The extreme events discussed above have all been different in the patterns of precipitation and the scale of their impacts but have been the result of rainfalls alone. In other parts of the world, particularly in mountain areas, some of the most extreme flood events are caused by the melting of snow, which may be exacerbated when a warm weather system brings rain to a snow pack that is already close to melting. The additional heat provided by turbulent advection of warm air over the cold pack, and by the infiltration of warmer rain into the snowpack can result in rapid melting.
However, the analysis of such events can be complex, particularly where the temperatures are such that at higher elevations there may be snow during the event while rain is falling at lower elevations and where the snow is not yet close to zero degrees so that heat is required to raise its temperature as well as providing the latent heat of melting. In addition, the ground may or may not be frozen; or may be frozen where there was pasture but not frozen under forest cover. Thus, the runoff generation during such events can be difficult to predict.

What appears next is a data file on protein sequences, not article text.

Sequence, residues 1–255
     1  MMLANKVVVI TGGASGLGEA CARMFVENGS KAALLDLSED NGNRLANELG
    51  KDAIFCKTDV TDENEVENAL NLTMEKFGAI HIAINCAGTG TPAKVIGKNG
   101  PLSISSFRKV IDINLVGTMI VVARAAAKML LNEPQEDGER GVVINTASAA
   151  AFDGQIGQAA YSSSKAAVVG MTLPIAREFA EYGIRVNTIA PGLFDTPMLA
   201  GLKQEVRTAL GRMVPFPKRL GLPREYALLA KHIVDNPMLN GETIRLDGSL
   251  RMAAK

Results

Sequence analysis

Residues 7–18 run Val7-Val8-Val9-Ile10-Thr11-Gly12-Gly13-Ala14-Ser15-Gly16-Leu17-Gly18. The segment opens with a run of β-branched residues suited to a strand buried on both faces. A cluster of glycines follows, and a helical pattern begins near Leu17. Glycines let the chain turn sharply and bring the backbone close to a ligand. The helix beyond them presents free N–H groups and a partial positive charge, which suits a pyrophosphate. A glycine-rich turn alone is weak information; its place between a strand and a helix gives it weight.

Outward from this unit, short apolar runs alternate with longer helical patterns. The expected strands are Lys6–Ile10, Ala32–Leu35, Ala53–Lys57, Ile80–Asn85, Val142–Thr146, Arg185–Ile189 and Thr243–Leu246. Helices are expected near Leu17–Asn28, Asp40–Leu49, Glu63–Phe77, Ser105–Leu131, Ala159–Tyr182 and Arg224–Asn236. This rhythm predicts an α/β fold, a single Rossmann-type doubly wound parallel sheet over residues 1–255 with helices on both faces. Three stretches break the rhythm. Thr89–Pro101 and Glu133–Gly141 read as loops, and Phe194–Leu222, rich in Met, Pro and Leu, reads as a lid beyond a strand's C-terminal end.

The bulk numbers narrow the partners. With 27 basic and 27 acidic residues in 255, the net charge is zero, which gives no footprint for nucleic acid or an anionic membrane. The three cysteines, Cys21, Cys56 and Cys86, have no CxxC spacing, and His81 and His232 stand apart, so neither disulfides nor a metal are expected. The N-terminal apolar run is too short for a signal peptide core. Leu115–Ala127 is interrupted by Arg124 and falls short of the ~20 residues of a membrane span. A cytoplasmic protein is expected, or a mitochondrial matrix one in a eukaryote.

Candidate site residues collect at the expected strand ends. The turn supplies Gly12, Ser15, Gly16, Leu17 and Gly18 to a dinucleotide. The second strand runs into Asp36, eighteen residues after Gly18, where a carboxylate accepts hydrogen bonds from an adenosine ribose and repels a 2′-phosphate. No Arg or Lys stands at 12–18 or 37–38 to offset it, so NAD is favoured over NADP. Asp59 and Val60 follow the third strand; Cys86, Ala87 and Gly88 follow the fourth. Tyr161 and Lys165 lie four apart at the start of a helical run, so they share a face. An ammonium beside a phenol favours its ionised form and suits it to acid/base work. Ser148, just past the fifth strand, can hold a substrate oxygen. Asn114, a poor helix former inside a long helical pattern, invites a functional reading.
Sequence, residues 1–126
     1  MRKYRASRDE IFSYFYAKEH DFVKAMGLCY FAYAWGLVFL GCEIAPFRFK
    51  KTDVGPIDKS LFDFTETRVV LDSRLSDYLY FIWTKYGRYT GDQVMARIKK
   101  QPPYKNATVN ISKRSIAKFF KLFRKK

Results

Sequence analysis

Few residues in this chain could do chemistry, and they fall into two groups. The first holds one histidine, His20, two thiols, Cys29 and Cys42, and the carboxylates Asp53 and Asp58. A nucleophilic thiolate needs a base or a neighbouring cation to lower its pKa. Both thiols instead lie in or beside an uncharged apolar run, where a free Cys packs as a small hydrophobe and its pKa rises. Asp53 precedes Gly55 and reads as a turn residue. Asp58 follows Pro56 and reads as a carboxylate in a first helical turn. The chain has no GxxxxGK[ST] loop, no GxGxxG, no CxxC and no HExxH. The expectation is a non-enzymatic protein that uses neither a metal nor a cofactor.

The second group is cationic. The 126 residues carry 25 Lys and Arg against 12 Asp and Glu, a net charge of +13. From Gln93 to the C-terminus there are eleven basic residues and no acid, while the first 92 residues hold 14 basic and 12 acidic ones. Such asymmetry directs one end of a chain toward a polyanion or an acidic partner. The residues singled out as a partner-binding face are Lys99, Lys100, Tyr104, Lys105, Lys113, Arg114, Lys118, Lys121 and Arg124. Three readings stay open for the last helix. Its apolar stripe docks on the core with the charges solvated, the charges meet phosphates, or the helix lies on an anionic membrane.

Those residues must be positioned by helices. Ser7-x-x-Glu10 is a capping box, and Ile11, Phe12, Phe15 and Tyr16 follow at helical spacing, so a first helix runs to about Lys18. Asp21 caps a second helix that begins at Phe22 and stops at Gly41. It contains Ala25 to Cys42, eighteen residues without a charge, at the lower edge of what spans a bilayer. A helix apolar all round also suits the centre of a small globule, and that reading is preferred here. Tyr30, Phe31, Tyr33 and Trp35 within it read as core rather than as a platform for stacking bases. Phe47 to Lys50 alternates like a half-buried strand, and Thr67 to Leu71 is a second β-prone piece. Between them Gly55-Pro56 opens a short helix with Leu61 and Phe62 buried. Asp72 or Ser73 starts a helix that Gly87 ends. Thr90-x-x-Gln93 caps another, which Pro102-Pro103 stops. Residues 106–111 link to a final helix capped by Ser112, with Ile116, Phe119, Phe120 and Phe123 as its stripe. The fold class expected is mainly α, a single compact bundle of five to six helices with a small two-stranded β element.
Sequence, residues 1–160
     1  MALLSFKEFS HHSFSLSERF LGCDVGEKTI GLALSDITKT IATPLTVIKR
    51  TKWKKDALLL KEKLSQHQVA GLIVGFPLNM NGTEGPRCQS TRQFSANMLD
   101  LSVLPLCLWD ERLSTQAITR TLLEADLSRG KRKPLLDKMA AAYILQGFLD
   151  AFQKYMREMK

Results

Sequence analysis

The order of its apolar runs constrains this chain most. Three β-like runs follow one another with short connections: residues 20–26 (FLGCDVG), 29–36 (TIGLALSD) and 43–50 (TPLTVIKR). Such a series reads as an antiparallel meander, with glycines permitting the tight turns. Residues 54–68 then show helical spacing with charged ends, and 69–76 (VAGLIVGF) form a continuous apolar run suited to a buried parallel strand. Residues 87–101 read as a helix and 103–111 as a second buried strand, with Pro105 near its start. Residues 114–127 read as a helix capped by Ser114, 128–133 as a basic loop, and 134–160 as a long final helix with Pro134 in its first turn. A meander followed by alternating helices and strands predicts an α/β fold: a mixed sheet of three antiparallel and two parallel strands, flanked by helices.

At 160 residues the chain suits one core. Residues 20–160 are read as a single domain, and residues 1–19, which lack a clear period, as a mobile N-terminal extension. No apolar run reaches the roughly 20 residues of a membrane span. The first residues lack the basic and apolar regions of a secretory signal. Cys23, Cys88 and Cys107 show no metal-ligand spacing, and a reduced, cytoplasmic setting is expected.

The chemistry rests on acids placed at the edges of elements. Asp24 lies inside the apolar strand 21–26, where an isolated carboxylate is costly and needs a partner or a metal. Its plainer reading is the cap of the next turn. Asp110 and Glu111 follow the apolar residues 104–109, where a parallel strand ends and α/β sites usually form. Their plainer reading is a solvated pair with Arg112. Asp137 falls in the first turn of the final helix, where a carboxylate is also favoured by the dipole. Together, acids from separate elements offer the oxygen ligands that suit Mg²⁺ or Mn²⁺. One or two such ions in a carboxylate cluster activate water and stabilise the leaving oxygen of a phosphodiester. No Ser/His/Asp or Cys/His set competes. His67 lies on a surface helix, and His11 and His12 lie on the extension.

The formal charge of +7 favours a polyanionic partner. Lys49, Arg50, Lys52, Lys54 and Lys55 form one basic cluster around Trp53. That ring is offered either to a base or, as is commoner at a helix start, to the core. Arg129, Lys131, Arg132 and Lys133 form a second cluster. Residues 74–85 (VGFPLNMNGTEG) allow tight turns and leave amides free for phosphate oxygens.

This is illustrated by an event that occurred in the Vallée des Ormonts, a tributary to the upper Rhone in the Valaisian Alps, Switzerland (Schoeneich, 1992). On the 10-20 February 1990, a major precipitation event ocurred that initially fell as 30-40 mm of snow but which was followed by 300-350 mm falling as rain at lower altitudes but with further snowfall at higher altitudes (Fig. 9.6). The total precipitation input was estimated as expected only once in about 500 years. In addition, the soil was mostly frozen to depths of 80 cm, resulting in decreased infiltration into the soil surface. This event resulted in a significant, but not extreme flood discharge at Aigle at the outlet of the valley (Fig. 9.6). From the statistics, it was only the tenth highest flood peak recorded at this site. It seems that, in this case, although the inputs to the catchment were extreme, the limited magnitude of the flood peak was a result of the effective area contributing to the runoff generation being relatively small. Only 15 per cent of the rain (or 13 per cent of the total of the initial snowfall plus the rain) contributed to the volume of discharge at Aigle. The rest either fell as snow at higher altitude or was retained in the snow pack without melting the snow or infiltrated into the soil where it was not totally frozen. There were 'slush flows' of rain-saturated snow that moved downslope in the catchment, but without contributing to the discharge peak. It is clear that, in this case, under slightly warmer conditions, the peak discharges could have been much higher.
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